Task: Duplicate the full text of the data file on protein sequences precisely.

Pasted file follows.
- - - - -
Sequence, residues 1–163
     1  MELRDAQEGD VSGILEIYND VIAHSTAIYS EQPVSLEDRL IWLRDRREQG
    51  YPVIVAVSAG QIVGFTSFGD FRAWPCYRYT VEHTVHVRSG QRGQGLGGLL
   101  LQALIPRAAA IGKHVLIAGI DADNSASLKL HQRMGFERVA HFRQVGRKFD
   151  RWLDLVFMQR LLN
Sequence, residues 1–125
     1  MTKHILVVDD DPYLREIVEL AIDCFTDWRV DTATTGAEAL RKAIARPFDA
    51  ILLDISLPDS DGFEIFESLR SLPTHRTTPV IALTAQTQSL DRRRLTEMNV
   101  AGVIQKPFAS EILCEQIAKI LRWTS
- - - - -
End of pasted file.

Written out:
Sequence, residues 1–163
     1  MELRDAQEGD VSGILEIYND VIAHSTAIYS EQPVSLEDRL IWLRDRREQG
    51  YPVIVAVSAG QIVGFTSFGD FRAWPCYRYT VEHTVHVRSG QRGQGLGGLL
   101  LQALIPRAAA IGKHVLIAGI DADNSASLKL HQRMGFERVA HFRQVGRKFD
   151  RWLDLVFMQR LLN
Sequence, residues 1–125
     1  MTKHILVVDD DPYLREIVEL AIDCFTDWRV DTATTGAEAL RKAIARPFDA
    51  ILLDISLPDS DGFEIFESLR SLPTHRTTPV IALTAQTQSL DRRRLTEMNV
   101  AGVIQKPFAS EILCEQIAKI LRWTS